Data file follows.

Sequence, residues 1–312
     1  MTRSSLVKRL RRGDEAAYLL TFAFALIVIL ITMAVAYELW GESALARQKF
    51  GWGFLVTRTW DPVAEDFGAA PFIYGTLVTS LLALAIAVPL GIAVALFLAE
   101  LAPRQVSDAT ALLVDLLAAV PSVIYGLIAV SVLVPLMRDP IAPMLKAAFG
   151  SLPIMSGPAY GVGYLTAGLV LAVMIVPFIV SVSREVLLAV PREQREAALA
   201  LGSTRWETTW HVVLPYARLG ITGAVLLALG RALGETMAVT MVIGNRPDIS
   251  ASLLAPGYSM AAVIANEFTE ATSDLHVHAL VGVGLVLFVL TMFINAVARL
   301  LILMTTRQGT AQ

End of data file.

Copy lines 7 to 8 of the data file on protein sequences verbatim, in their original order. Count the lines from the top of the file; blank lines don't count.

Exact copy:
   251  ASLLAPGYSM AAVIANEFTE ATSDLHVHAL VGVGLVLFVL TMFINAVARL
   301  LILMTTRQGT AQ